US v. Joshua Hamilton
UNPUBLISHED PER CURIAM OPINION filed. Originating case number: 3:05-cr-00136-JRS-1 Copies to all parties and the district court. . [16-4675]
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UNITED STATES COURT OF APPEALS
FOR THE FOURTH CIRCUIT
UNITED STATES OF AMERICA,
Plaintiff - Appellee,
JOSHUA LEE HAMILTON,
Defendant - Appellant.
Appeal from the United States District Court for the Eastern District of Virginia, at
Richmond. James R. Spencer, Senior District Judge. (3:05-cr-00136-JRS-1)
Submitted: August 21, 2017
Decided: August 29, 2017
Before MOTZ and KEENAN, Circuit Judges, and HAMILTON, Senior Circuit Judge.
Affirmed by unpublished per curiam opinion.
Stephanie S. Henkle, LIBERTY & JUSTICE LAW FIRM, P.L.L.C., Richmond, Virginia,
for Appellant. Dana J. Boente, United States Attorney, Peter S. Duffey, Assistant United
States Attorney, Richmond, Virginia, for Appellee.
Unpublished opinions are not binding precedent in this circuit.
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Joshua Lee Hamilton appeals the district court’s judgment revoking his term of
supervised release and sentencing him to 24 months’ imprisonment. The district court
determined that Hamilton had violated his conditions of supervised release by
(1) committing a crime, namely, possession with intent to distribute a Schedule I/II
substance, possession of a Schedule I/II substance, possession of marijuana, and resisting
arrest; and (2) associating with felons without permission.
Counsel initially filed a brief pursuant to Anders v. California, 386 U.S. 738
(1967), stating that there are no meritorious issues for appeal, but questioning whether the
sentence was procedurally unreasonable.
After conducting our review pursuant to
Anders, we sought supplemental briefing on two issues: (1) whether the district court
plainly erred in admitting a laboratory report without the Government’s showing of good
cause for the forensic witness’ unavailability; and (2) whether the district court erred in
failing adequately to explain its chosen sentence, and if so, whether this error was
harmless. Having reviewed the parties’ arguments on these issues, we affirm.
We generally review a district court’s judgment revoking supervised release for
abuse of discretion and review its factual findings for clear error. United States v.
Padgett, 788 F.3d 370, 373 (4th Cir. 2015). The district court need find a violation of a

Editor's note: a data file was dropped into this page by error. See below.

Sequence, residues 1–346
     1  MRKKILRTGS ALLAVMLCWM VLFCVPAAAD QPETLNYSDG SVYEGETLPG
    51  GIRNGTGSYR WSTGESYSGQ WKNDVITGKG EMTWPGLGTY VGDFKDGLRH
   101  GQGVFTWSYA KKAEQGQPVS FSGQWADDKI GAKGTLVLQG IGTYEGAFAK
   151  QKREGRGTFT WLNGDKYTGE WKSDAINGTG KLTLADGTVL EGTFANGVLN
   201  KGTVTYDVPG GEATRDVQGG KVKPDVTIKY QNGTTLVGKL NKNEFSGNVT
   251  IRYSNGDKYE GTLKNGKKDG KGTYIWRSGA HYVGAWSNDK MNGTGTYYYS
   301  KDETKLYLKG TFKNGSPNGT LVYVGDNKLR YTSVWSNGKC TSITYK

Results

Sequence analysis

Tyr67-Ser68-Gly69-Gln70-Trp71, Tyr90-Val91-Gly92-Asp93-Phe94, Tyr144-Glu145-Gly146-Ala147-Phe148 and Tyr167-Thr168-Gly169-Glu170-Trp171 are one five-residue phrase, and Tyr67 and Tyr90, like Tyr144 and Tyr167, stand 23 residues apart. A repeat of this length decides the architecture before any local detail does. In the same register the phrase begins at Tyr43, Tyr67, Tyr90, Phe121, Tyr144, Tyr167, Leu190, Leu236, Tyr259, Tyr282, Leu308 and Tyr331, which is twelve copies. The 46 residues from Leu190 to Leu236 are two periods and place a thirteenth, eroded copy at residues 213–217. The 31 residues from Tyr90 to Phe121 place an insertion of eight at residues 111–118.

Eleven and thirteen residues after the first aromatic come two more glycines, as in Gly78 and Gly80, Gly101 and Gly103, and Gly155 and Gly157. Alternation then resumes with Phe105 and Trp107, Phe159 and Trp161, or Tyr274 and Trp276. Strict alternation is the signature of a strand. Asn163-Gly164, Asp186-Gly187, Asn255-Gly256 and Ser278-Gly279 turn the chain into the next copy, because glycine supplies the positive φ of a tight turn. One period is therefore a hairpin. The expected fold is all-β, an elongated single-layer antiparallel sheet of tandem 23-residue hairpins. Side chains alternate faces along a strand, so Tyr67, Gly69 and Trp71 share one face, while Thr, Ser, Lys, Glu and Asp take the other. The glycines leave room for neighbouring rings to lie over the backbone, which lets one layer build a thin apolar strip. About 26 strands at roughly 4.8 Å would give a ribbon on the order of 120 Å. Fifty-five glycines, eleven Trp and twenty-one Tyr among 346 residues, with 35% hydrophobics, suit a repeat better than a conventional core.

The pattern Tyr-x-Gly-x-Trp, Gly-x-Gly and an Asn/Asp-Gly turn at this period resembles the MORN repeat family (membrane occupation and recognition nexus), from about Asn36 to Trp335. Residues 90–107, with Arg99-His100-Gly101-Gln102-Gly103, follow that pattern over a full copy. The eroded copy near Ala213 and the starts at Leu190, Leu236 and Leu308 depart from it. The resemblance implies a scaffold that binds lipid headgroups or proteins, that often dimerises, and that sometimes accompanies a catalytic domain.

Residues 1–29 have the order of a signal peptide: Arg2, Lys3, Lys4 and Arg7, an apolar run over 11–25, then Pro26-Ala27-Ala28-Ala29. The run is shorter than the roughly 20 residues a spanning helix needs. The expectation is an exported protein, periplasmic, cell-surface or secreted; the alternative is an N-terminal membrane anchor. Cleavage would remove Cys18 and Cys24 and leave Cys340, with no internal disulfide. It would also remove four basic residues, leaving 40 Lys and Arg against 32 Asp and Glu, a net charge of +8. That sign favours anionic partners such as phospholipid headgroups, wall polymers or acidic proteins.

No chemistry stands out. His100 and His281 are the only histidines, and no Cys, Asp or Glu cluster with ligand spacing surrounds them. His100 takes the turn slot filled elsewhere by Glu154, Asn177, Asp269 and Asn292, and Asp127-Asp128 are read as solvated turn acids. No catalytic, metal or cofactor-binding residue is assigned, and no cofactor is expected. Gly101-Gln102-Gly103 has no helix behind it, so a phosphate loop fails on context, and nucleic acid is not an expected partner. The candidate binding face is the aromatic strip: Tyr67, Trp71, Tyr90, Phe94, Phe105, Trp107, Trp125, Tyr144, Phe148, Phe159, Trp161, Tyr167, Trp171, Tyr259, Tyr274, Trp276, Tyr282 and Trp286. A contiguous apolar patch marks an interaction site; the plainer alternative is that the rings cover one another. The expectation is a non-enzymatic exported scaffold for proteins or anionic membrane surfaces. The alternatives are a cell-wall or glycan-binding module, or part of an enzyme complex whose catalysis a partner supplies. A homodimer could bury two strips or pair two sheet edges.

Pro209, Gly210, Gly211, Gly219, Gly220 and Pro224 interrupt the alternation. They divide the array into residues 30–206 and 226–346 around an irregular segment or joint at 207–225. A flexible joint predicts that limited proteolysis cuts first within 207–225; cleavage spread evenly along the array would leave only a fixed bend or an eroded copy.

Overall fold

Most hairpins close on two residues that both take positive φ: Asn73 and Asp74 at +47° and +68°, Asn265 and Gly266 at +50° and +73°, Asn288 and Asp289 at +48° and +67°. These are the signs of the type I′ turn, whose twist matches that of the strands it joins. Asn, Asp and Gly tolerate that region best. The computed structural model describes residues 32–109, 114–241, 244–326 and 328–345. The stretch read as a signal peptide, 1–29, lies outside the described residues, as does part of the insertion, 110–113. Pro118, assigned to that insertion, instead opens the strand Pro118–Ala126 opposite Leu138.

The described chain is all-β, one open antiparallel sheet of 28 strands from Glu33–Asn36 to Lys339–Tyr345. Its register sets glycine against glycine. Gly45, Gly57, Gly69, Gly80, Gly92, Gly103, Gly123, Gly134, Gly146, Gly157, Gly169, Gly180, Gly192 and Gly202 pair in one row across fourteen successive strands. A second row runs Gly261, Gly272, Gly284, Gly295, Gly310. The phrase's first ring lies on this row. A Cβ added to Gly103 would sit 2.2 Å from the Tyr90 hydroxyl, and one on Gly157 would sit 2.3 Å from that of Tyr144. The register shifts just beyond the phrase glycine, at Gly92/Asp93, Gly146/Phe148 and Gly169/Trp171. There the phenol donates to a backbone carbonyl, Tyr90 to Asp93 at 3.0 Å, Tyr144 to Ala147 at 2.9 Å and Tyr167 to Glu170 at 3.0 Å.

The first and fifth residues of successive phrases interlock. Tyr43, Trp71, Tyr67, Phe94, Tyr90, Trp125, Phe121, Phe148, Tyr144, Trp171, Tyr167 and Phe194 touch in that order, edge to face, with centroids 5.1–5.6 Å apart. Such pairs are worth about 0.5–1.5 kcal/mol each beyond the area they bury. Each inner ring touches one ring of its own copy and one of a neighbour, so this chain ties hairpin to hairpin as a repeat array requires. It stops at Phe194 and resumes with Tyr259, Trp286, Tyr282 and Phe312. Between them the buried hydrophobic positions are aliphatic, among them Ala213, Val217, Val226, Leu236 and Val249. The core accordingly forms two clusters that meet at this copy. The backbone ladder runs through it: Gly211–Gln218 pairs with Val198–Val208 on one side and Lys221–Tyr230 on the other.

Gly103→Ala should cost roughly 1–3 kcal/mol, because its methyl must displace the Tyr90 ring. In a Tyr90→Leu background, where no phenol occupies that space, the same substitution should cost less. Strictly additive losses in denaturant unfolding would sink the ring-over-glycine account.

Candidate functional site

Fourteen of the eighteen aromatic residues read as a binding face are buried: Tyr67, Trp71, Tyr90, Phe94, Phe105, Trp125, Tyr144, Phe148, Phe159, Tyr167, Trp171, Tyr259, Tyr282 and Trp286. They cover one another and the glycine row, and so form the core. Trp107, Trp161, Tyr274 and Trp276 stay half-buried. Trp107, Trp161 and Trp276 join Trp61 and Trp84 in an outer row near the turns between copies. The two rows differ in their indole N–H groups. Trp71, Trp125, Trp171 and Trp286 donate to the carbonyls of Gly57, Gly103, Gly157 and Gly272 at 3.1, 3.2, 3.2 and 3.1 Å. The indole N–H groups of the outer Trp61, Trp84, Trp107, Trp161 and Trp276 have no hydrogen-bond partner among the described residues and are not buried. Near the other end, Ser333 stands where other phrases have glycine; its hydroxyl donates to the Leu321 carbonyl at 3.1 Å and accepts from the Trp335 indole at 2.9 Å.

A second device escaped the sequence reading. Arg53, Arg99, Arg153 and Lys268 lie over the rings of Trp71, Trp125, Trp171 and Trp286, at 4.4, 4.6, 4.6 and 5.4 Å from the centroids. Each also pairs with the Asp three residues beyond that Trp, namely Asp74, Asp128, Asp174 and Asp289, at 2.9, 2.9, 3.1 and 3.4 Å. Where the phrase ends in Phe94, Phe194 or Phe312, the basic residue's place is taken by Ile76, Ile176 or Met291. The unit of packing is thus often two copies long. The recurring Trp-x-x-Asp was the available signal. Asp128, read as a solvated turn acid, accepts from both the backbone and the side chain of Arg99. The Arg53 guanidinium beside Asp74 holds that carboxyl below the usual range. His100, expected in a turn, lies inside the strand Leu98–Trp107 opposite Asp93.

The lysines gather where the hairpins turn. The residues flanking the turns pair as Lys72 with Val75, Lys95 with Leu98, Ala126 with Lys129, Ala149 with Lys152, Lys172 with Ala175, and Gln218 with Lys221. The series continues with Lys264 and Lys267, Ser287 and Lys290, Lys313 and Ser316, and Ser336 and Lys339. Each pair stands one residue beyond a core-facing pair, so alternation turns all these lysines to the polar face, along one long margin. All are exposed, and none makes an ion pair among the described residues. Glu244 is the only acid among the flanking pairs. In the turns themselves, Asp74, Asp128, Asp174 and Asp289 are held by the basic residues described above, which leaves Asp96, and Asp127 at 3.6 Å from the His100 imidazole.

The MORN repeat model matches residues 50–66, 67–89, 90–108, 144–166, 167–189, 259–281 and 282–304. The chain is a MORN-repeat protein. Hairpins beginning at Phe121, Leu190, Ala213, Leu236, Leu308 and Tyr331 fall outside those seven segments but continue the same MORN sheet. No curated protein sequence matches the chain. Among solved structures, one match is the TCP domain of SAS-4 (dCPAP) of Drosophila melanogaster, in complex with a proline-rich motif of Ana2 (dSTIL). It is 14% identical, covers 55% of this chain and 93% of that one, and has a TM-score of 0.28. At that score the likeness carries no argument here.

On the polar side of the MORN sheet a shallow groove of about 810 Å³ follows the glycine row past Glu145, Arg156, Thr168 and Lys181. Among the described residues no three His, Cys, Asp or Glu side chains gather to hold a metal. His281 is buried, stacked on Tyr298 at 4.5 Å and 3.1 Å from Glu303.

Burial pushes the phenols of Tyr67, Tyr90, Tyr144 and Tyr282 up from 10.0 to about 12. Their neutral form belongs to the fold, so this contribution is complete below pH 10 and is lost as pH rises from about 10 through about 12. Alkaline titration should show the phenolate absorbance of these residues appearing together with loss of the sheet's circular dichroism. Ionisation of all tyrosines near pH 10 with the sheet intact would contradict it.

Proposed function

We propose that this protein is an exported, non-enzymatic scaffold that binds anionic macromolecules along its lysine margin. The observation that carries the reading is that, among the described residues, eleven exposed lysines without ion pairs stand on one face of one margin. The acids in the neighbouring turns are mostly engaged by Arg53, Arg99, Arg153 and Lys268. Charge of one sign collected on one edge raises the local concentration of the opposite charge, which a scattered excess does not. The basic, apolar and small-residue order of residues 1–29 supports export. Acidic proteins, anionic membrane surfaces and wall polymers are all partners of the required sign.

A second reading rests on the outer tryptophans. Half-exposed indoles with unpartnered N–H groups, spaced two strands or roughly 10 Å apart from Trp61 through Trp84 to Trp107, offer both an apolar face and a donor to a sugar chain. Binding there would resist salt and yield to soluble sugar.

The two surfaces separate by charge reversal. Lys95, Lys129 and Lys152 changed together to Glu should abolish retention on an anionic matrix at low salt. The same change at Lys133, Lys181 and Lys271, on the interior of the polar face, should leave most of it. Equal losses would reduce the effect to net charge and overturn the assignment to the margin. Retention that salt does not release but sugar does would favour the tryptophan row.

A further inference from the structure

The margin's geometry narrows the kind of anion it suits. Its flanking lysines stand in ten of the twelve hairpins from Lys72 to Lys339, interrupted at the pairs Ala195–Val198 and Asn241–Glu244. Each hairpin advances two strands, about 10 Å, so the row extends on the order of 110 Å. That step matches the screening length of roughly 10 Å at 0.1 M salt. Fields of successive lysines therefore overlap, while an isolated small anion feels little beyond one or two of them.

condition of supervised release by only a preponderance of the evidence. 18 U.S.C.
§ 3583(e)(3) (2012); Padgett, 788 F.3d at 374.
We conclude that the district court did not abuse its discretion in revoking
Hamilton’s supervised release. Even without the contested laboratory report and drug
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violations, the district court reasonably found Hamilton’s other violations—resisting
arrest and associating with felons—by a preponderance of the evidence, as they were
supported by the testimony of the state trooper and the probation officer during the
We therefore analyze the admission of the laboratory report in the context of
Hamilton’s sentence. Hamilton contends that the district court plainly erred in admitting
the report without the Government’s explanation of the forensic witness’ unavailability,
in violation of Fed. R. Crim. P. 32.1(b)(2)(C).
Because Hamilton failed to object to the admission of the laboratory report below,
he must show plain error in order to obtain reversal. United States v. Obey, 790 F.3d 545,
547 (4th Cir. 2015). To establish plain error, Hamilton must demonstrate “that an error
occurred, that it was plain, and that it affected his substantial rights.” Id. We have
discretion to “correct the error only if it seriously affects the fairness, integrity or public
reputation of judicial proceedings.” Id. (brackets and internal quotation marks omitted).
Under Fed. R. Crim. P. 32.1(b)(2)(C), a defendant has a due process right to
“question any adverse witness unless the court determines that the interest of justice does
not require the witness to appear.” “[T]he district court must balance the releasee’s
interest in confronting an adverse witness against any proffered good cause for denying
such confrontation.” United States v. Doswell, 670 F.3d 526, 530 (4th Cir. 2012). “[T]he
reliability of the [hearsay] evidence is a critical factor in the balancing test under Rule
32.1,” but not the beginning and end of the analysis. United States v. Ferguson, 752 F.3d
613, 617 (4th Cir. 2014). “[U]nless the government makes a showing of good cause for
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why the relevant witness is unavailable, hearsay evidence is inadmissible at revocation
hearings.” Id.; Doswell, 670 F.3d at 530-31.
Here, the district court’s admission of the laboratory report runs afoul of the
requirements we set forth in Doswell and Ferguson. See Obey, 790 F.3d at 550. The